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ABA Opinion-Editorials


By Dennis W. Archer and Laura Stein


By training, lawyers are supposed to be dispassionate advocates. But it is difficult to be removed when the safety and peace of a family or community are at stake. And the truth is that too often it is not until there is a crisis and emotion is running at its highest, such as when a family breaks apart, that our services are needed.

Some of the most heartbreaking cases are those involving wives and mothers victimized by their spouse or intimate partner. Many of us have some experience with this; wondering whether a neighbor or a colleague, perhaps a person we see everyday during the commute but whose name we do not know, is being abused at home. We hear the sounds through the walls of our apartments or see recurring bruises. We wonder what we can do, sometimes-though perhaps not often enough-we even call or get involved.

It is at these times that lawyers are fortunate because we know that when lives hang in the balance our work makes a difference. Perhaps a lawyer didn’t make that first call, but thereafter we gladly provide our services, because we know our skills and training can help improve a particular individual’s circumstances. Despite this, it is difficult to see how our contributions are making systematic improvements in peoples lives. Until now, that is.

A study published this April in Contemporary Economic Policy found that significantly less abuse is reported in counties that
provide legal assistance programs to help battered women. This is an extremely important finding. It means that communities finally have a proven strategy for protecting women from violence and that lawyers are playing a direct role in cutting down on domestic violence simply by contributing their time and energy.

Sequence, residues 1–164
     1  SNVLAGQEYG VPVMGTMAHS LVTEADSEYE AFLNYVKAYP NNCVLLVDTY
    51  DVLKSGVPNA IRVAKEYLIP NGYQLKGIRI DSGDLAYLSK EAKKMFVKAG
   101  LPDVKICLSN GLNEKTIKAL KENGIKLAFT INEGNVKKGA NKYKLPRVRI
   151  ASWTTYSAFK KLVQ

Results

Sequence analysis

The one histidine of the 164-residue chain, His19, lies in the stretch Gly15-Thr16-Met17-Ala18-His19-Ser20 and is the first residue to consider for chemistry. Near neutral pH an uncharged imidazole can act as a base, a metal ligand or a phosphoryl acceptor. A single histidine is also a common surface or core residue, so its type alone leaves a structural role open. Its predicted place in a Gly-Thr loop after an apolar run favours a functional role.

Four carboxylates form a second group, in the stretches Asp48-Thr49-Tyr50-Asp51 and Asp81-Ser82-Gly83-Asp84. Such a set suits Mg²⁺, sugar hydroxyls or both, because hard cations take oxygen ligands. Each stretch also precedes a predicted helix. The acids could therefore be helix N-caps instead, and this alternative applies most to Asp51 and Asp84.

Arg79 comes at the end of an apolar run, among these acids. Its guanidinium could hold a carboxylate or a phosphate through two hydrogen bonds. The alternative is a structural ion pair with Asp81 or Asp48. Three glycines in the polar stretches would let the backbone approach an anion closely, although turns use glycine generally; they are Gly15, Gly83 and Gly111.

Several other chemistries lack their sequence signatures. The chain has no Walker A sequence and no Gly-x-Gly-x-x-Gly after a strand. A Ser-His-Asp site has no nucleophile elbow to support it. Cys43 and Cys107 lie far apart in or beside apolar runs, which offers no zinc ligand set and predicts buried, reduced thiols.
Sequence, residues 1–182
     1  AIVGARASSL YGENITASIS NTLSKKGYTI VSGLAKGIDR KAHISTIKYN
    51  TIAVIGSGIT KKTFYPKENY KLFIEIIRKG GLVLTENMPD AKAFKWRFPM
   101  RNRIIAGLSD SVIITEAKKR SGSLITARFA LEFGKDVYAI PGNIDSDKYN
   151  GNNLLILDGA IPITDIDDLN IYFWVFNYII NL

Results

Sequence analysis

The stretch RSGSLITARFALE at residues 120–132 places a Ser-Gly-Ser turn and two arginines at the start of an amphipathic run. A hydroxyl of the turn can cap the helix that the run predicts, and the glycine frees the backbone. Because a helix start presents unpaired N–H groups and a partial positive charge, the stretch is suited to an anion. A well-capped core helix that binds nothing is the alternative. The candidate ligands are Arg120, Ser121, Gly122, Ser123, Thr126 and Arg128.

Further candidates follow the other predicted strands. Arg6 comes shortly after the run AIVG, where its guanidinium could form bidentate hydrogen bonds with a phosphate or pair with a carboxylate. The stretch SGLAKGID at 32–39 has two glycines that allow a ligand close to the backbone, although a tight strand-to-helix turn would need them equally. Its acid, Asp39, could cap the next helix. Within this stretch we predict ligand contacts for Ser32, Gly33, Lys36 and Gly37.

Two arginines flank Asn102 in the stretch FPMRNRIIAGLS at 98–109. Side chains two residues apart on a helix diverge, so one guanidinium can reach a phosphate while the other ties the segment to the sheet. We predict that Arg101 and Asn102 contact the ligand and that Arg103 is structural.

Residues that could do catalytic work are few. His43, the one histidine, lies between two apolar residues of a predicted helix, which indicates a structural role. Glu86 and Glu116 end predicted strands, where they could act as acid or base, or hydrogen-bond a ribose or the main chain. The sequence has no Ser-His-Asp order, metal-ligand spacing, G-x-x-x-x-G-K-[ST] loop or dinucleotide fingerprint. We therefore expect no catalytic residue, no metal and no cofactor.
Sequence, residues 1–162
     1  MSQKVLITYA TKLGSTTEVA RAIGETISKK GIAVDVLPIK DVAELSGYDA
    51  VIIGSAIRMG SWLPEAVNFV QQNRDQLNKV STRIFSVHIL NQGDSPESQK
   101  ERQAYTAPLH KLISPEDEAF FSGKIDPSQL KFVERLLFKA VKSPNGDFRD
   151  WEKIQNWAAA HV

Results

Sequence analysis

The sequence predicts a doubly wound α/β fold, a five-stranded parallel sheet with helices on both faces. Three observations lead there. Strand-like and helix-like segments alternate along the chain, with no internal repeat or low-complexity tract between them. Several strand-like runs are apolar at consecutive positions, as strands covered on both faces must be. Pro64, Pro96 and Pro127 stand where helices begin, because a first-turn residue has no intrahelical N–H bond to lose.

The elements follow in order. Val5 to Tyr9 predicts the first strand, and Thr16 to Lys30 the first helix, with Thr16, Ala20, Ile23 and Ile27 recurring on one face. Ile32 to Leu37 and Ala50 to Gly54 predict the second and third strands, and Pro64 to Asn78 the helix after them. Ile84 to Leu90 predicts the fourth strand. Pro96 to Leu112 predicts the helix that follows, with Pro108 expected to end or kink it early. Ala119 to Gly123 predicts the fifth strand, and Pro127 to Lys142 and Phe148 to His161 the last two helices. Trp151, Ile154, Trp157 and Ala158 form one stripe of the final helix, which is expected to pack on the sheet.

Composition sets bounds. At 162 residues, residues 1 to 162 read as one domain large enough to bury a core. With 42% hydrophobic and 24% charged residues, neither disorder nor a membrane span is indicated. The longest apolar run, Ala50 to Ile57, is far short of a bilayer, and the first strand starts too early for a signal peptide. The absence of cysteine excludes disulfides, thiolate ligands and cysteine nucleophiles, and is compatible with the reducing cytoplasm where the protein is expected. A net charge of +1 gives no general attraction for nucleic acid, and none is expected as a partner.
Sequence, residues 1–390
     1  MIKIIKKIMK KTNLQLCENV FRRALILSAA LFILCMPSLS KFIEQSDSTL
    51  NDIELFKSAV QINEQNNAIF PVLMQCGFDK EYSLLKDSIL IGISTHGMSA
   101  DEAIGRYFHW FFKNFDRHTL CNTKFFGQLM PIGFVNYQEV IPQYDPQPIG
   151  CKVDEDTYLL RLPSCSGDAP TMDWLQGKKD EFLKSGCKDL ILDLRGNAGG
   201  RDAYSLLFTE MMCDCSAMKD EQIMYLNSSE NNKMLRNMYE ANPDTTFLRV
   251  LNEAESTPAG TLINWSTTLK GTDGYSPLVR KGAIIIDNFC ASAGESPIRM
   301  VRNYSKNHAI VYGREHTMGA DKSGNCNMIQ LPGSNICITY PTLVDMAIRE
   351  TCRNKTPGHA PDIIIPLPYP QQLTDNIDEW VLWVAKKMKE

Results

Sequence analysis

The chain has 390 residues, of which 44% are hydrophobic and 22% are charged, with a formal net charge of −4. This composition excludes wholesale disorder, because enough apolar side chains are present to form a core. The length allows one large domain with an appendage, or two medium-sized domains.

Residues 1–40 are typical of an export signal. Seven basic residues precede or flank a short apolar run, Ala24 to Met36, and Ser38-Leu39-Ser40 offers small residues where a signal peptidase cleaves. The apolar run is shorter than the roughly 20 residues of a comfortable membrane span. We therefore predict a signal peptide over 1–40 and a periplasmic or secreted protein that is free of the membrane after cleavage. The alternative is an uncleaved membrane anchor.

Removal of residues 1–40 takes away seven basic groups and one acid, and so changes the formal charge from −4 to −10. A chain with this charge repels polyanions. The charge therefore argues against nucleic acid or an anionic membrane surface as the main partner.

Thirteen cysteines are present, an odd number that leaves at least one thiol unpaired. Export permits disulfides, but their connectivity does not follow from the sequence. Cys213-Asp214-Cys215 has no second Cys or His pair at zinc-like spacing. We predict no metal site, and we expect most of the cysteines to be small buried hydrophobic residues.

By helping women obtain protective orders, child custody and child support, legal assistance programs give battered women an alternative to fear. They, and the lawyers who donate their time and services, give victims of domestic violence real, long-term alternatives to abuse, alternatives that can help them begin new lives free of threats, injury and fear. In other words, they give women hope.

So, this October, as we mark National Domestic Violence Awareness Month, we in the legal profession pay tribute to those working on the front lines to provide support and assistance to domestic violence victims. We encourage others to join them by volunteering at a local shelter, providing pro bono legal assistance to abuse victims, or helping a local domestic violence organization develop materials detailing civil and criminal remedies available to victims. We encourage our colleagues in the law to help victims break the bonds of pain and intimidation by doing what they do best: practicing law.

Thanks in large part to legal services programs, incidents of domestic violence have declined in recent years. But hundreds of thousands of women remain at risk, and no social, economic, racial or other group is spared. Domestic violence is a problem that affects all of us. Too many women live in fear--afraid of their abusive partners, and afraid to leave them--and we can help. Let’s do our best to do so.

Dennis W. Archer is president of the American Bar Association. Laura Stein is chair of the ABA Commission on Domestic Violence.